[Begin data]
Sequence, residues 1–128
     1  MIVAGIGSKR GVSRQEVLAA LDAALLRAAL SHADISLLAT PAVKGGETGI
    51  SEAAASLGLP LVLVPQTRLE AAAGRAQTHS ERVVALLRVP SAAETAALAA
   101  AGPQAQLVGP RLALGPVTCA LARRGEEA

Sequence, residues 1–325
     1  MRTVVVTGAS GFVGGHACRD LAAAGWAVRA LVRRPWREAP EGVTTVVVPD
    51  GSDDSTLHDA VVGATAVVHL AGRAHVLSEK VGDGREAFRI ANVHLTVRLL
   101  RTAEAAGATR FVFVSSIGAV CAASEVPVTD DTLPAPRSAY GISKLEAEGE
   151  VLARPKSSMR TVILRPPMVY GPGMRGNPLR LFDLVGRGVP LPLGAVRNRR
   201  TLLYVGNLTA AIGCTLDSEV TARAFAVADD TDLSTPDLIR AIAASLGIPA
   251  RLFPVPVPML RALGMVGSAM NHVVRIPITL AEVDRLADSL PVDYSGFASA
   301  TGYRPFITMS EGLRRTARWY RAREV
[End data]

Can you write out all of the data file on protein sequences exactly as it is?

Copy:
Sequence, residues 1–128
     1  MIVAGIGSKR GVSRQEVLAA LDAALLRAAL SHADISLLAT PAVKGGETGI
    51  SEAAASLGLP LVLVPQTRLE AAAGRAQTHS ERVVALLRVP SAAETAALAA
   101  AGPQAQLVGP RLALGPVTCA LARRGEEA

Sequence, residues 1–325
     1  MRTVVVTGAS GFVGGHACRD LAAAGWAVRA LVRRPWREAP EGVTTVVVPD
    51  GSDDSTLHDA VVGATAVVHL AGRAHVLSEK VGDGREAFRI ANVHLTVRLL
   101  RTAEAAGATR FVFVSSIGAV CAASEVPVTD DTLPAPRSAY GISKLEAEGE
   151  VLARPKSSMR TVILRPPMVY GPGMRGNPLR LFDLVGRGVP LPLGAVRNRR
   201  TLLYVGNLTA AIGCTLDSEV TARAFAVADD TDLSTPDLIR AIAASLGIPA
   251  RLFPVPVPML RALGMVGSAM NHVVRIPITL AEVDRLADSL PVDYSGFASA
   301  TGYRPFITMS EGLRRTARWY RAREV